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Imposter syndrome is a common feeling that many photographers experience at some point in their careers. It’s that feeling of being a fraud, of not being good enough, and of fearing that someone will eventually find out that you don’t belong in the photography world. But it doesn’t have to be that way. Here are some actionable steps that you can take to overcome imposter syndrome and become more confident in your work:
It’s easy to fall into the trap of comparing yourself to other photographers who seem to be doing better than you. But constantly looking at work that is similar to your own can leave you feeling defeated and like you’re only adding to the noise. Conversely, looking at comments and reactions to work that is similar to your own or that you’ve received on your work can help you realize that people do find value in what you do. Focus on your own unique style and perspective, and trust that there is an audience for your work.
Reflecting on your purpose and what you’re trying to do and say with your work can help you stay aligned with your values and avoid feeling like an imposter. When you’re fulfilling something greater than the individual work itself, you couldn’t possibly be an imposter. So take the time to think about what drives you as a photographer and what message you want to convey through your work.
One of the most effective ways to overcome imposter syndrome is by changing your mindset and reframing your beliefs about yourself and your work. Instead of focusing on what you don’t know or can’t do, focus on what you do know and can do. Remind yourself that you have unique skills and talents that are valuable—and share them with the world!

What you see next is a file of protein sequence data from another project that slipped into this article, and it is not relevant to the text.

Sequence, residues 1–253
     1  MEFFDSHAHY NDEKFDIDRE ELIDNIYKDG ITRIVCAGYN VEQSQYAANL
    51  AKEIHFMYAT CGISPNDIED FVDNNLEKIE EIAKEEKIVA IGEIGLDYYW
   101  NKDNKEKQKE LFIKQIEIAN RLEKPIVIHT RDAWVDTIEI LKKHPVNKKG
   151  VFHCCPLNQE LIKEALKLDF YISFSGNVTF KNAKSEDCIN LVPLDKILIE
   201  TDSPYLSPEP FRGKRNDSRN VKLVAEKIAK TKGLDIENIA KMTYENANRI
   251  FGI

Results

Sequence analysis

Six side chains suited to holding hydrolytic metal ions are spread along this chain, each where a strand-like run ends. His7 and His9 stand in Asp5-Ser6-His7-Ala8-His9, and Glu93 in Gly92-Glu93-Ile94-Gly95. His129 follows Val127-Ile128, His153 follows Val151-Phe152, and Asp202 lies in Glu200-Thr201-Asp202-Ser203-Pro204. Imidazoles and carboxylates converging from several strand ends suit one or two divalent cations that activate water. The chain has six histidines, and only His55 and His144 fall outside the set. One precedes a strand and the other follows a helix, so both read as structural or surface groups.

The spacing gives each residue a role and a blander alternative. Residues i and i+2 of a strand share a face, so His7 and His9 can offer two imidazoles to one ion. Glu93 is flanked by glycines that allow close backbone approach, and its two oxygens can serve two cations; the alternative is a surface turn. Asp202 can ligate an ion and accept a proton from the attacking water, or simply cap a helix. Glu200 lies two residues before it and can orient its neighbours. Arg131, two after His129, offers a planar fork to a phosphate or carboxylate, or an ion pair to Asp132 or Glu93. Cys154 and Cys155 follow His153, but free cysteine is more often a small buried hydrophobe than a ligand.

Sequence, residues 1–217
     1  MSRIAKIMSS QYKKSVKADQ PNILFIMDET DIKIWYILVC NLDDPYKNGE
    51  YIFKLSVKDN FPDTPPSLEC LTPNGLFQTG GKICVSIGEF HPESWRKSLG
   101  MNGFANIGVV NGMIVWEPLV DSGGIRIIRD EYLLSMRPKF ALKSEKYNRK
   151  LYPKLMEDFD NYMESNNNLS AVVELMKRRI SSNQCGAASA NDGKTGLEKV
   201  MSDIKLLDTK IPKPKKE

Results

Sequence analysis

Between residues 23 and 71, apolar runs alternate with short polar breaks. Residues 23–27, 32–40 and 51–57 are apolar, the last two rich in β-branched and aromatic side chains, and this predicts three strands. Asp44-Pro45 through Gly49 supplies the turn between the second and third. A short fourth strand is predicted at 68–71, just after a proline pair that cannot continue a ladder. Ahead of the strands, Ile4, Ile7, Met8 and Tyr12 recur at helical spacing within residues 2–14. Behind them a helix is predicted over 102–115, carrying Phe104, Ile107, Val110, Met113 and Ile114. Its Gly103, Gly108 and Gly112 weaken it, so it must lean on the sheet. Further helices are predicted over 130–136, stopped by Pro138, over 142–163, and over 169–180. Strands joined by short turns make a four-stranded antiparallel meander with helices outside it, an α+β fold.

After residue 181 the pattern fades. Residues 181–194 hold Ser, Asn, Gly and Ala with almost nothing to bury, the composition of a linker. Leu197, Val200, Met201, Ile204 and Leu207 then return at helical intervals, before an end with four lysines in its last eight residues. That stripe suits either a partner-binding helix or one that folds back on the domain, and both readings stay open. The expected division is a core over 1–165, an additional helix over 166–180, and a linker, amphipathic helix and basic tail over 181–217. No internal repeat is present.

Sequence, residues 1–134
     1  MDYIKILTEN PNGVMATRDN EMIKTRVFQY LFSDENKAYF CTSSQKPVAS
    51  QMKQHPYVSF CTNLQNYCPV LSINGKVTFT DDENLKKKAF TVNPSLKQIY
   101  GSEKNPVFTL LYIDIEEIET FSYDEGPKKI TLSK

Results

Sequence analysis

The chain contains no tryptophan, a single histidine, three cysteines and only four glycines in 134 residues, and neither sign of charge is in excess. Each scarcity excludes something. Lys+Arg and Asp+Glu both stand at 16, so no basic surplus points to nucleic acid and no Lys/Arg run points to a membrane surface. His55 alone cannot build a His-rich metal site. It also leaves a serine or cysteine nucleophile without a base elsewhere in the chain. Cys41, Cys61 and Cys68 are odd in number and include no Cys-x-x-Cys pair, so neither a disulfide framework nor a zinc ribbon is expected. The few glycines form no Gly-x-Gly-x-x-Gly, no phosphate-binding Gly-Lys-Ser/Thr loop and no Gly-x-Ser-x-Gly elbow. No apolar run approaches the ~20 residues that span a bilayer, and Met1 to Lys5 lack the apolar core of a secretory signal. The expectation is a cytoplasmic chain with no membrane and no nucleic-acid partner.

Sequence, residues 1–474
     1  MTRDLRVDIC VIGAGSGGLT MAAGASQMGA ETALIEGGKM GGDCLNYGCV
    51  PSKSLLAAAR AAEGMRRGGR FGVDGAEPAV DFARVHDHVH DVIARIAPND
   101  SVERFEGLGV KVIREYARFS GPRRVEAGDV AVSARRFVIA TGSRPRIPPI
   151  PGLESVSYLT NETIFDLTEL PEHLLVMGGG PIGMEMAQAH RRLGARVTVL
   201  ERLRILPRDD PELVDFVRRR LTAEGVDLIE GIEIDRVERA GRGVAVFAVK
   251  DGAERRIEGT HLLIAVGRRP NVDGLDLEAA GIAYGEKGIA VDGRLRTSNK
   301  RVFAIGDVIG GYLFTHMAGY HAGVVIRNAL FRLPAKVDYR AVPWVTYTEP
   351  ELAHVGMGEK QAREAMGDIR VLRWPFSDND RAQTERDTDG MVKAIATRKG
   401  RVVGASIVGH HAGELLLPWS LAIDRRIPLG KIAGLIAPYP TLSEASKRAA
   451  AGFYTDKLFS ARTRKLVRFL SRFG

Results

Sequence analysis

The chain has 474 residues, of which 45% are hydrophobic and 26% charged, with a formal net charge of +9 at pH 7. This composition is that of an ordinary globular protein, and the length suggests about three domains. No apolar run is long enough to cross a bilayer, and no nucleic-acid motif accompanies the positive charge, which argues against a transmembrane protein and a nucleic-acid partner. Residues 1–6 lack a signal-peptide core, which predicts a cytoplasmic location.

Writing down positive affirmations can help remind you of all the things that make you unique and awesome. This exercise also helps to build self-confidence which is essential when dealing with imposter syndrome. Pick one or two positive statements every day and write them down in a journal or notebook as a reminder of how awesome you really are! Oh, and post it notes all over your house works too!
One of the biggest challenges that photographers face is the pressure to create something that will impress others. But this mindset can actually hinder your creativity and make it harder for you to produce original work. Instead, try allowing yourself the freedom to create without any expectation from the end product or reactions of others. Make sure you’re enjoying the act of creation more than the validation you might receive from others.
Surrounding yourself with people who support and encourage you is another great way to combat imposter syndrome. Find friends, colleagues, mentors, or even online communities who will cheer you on and offer words of encouragement when needed. Seek out people who “get” you and your work, and who can offer constructive feedback and encouragement when you need it. Join online photography groups or attend meetups and conferences to connect with other photographers who share your passion. This will help boost your confidence levels so that when those feelings of doubt creep in, you have someone there to help push them away.
Sometimes, imposter syndrome can be a sign that you’re not fully aligned with your values or that you’re not allowing yourself to tap into your creativity. Getting help from a coach, mentor, or friend can be incredibly helpful in allowing you to see things from another perspective and help you combine your values and other interests and hobbies into something that feels more aligned and fulfilling. They can also help you walk the walk of the ideals and values you promote through the work you share. As always, take a look at my mentoring packages if you’re interested in chatting.
Imposter syndrome can be an overwhelming feeling for creatives but it doesn’t have to be debilitating! With these simple tips, anyone can start reclaiming their self-confidence and move forward towards success despite any doubts they may have about their own abilities. Remember: You are capable; You are talented; You are amazing; And most importantly—you belong! Keep pushing forward because your creative gifts deserve recognition!